Apr 27 2018

Jeremy Bradford

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Professional Goal Statement

My foremost goals are to graduate with my Doctor of Physical Therapy degree from the University of North Carolina at Chapel Hill and then pass the National Physical Therapy Exam, thereby obtaining licensure and subsequent employment. I seek to demonstrate excellence in physical therapy practice, effectively and efficiently maximizing patient outcomes through evidence-based, patient-centered care. My plan is to work in either the outpatient orthopaedic or inpatient rehab setting, environments that I have found to be rewarding and invigorating. I feel honored to be able to positively impact the lives of my patients. I will draw upon my foundational knowledge learned at university, my many mentors, ongoing pursuit of current research, and my clinical experience to embody my best self as a physical therapist.

Career Path and Future Plans:

  • Entrance into UNC DPT Program Class of 2018
    • Clinical Affiliation 1: Brunswick Physical Therapy Associates, outpatient orthopaedics; Sunset Beach, NC
    • Clinical Affiliation 2: Novant Health Brunswick Medical Center, acute care; Boliva, NC
    • Clinical Affiliation 3: New Hanover Regional Medical Center, Rehabilitation Hospital, inpatient rehabilitation; Wilmington, NC
    • Clinical Affiliation 4: Bodies in Balance Physical Therapy, outpatient services (orthopaedic and neurologic); Wilmington, NC
  • Graduate from The University of North Carolina’s Doctor of Physical Therapy Program – August 2018
  • Pass the Federation of State Boards Physical Therapy Exam – October 2018
  • Obtain a full-time outpatient or inpatient rehab position –within 1 months of obtaining licensure
  • Become an APTA certified Clinical Instructor – within 3 years of employment
  • Pass the Orthopaedic Certified Specialist (OCS) Exam – within 5 years of employment
  • Become an adjunct professor at a university within the department of physical therapy – 10 years


  • Interpersonal communication and active listening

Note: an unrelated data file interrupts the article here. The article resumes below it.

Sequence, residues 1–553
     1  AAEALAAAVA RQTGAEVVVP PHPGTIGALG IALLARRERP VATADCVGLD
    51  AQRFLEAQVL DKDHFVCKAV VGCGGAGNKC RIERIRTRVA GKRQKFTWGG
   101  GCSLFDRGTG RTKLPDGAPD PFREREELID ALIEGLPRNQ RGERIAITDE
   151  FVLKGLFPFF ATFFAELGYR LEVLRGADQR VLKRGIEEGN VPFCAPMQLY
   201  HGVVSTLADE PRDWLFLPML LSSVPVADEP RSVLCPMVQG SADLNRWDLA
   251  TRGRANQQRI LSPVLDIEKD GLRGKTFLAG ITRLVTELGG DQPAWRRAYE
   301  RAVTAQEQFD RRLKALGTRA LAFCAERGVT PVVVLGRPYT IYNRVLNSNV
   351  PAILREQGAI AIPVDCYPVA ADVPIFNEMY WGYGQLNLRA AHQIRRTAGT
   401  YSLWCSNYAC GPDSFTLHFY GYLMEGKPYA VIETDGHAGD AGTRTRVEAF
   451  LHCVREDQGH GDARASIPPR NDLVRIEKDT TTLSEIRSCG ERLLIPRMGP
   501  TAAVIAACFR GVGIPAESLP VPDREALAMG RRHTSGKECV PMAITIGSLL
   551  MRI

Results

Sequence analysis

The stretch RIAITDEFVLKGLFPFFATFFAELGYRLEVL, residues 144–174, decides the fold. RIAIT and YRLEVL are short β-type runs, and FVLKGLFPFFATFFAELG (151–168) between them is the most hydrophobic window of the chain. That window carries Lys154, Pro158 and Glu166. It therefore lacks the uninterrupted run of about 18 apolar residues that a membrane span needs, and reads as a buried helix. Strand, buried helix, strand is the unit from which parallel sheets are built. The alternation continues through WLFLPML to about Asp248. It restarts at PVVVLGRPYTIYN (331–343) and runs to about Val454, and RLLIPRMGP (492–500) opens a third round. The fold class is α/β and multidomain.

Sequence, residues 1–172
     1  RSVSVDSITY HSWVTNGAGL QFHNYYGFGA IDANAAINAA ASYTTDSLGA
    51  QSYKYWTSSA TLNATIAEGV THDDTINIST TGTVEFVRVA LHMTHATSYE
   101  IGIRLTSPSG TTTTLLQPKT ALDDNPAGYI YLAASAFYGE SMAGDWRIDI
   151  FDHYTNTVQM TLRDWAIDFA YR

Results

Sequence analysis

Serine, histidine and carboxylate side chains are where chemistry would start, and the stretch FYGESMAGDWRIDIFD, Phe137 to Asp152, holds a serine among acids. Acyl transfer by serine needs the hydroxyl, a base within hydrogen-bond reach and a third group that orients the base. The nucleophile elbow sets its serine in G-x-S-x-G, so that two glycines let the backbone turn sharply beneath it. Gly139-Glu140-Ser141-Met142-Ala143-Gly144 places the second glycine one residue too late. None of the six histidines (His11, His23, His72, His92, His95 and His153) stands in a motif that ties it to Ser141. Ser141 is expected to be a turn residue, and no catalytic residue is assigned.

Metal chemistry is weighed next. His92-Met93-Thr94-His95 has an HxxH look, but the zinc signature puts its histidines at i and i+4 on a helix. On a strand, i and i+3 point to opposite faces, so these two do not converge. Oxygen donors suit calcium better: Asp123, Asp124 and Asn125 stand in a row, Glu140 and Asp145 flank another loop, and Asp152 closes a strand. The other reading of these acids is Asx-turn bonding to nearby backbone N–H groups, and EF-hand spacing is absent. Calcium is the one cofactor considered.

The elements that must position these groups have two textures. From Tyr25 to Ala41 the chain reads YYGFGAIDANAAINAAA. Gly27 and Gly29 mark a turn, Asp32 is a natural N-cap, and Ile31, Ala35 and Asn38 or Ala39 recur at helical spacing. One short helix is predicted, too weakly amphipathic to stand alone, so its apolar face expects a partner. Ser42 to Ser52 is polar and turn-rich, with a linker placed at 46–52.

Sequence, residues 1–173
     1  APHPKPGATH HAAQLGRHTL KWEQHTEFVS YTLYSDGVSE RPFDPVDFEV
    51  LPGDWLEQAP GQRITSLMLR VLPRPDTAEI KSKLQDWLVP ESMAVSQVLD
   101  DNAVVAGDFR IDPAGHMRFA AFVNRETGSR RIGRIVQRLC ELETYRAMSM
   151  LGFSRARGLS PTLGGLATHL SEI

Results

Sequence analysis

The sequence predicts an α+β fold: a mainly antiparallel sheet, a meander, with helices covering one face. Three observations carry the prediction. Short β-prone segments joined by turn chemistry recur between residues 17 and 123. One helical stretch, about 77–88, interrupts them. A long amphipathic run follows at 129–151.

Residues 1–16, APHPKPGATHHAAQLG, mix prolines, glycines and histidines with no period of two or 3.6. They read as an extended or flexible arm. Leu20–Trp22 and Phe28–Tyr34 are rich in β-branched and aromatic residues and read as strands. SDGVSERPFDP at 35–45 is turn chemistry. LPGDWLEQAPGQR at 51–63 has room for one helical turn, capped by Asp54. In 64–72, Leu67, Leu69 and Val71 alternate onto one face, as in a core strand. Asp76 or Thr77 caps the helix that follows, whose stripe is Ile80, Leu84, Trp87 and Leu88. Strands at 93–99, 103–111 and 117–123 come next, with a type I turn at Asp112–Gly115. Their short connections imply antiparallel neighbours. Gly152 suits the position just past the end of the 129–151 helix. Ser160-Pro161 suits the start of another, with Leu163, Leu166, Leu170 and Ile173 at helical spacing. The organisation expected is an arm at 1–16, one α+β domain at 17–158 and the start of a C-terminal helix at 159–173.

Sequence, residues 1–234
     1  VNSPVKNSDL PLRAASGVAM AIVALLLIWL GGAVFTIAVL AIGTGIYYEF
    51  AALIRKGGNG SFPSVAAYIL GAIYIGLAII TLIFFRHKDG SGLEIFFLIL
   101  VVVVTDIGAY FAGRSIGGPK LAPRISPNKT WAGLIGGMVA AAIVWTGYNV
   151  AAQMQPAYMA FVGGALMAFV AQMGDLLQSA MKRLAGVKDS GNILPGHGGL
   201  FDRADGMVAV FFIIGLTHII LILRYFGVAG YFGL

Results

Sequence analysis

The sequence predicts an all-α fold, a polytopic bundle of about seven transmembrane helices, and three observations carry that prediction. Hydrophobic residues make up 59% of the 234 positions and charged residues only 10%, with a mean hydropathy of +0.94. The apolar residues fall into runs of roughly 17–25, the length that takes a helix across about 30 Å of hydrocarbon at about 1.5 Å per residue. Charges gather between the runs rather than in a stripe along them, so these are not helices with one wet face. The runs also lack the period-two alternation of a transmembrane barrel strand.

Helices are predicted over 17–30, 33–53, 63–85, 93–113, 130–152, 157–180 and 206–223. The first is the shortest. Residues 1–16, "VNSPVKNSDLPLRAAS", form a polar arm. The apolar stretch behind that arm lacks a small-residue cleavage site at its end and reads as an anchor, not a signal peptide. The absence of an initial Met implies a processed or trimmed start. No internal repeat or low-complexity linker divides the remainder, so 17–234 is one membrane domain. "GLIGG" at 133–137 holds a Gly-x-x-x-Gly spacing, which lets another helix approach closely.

• Delivering clear and salient patient and family education concerning diagnois, prognosis, and plan of care
  • Professionalism
  • Commitment to lifelong learning
  • Practice what I preach – I believe it is essential to foster a healthful lifestyle and that movement is medicine
  • Utilize evidence-based research in my clinical decision-making
  • Clinical exposure to broad diagnoses and patient populations
  • More than 7 years’ experience as a yoga instructor which has cultivated a sense of ease and understanding when instructing movement and exercise as medicine

Areas for Growth:

  • Taking a more active role in physical therapy advocacy issues
  • Broadening my interventional skillset
  • Expanding my knowledge healthcare policy
  • Honing my proficiency for point of care documentation


  • Graduate with my Clinical Doctorate in Physical Therapy from the University of North Carolina at Chapel Hill in August 2018
  • Sit for and pass the National Physical Therapy Exam in October of 2018
  • Become employed in the setting of my choice in Wilmington, NC within 1 month of obtaining licensure
  • Demonstrate consistent excellence as a clinician
  • Become an Orthpaedic Clinical Specialist
  • Obtain a position a professor of physical therapy

Specific Strategies:

  • Following a strict study plan for passing Boards in October 2018
  • Maintaining active annual membership and participation in the APTA and NCPTA
  • Managing my LinkedIn profile and resume
  • Continuing to develop my professional network and rapport with my past clinical instructors, former PT classmates, and the numerous health professionals I’ve met along the way
  • Regularly participate in educational events, in-services, and continuing education courses that bolster my clinical expertise, goals, and promote evidence-based practice


  • PHYT 875: Advanced Orthopedic Assessment and Treatment
  • PHYT 895: International Service Learning Trip – Guatemala
  • PUBH 610: Intro Spanish for Health Professionals

Product Examples

Capstone ProjectSubacromial Impingement Syndrome: Biomechanics, Pathology, Diagnosis, and Treatment

Advanced Orthopedic Assessment and Treatment Final PaperRotator Cuff and Subacromial Impingement Syndrome: Anatomy, Etiology, Screening, and Treatment

Critically Appraised TopicEffects of HIT Treadmill Training on Gait Speed in Chronic Hemiparetic Stroke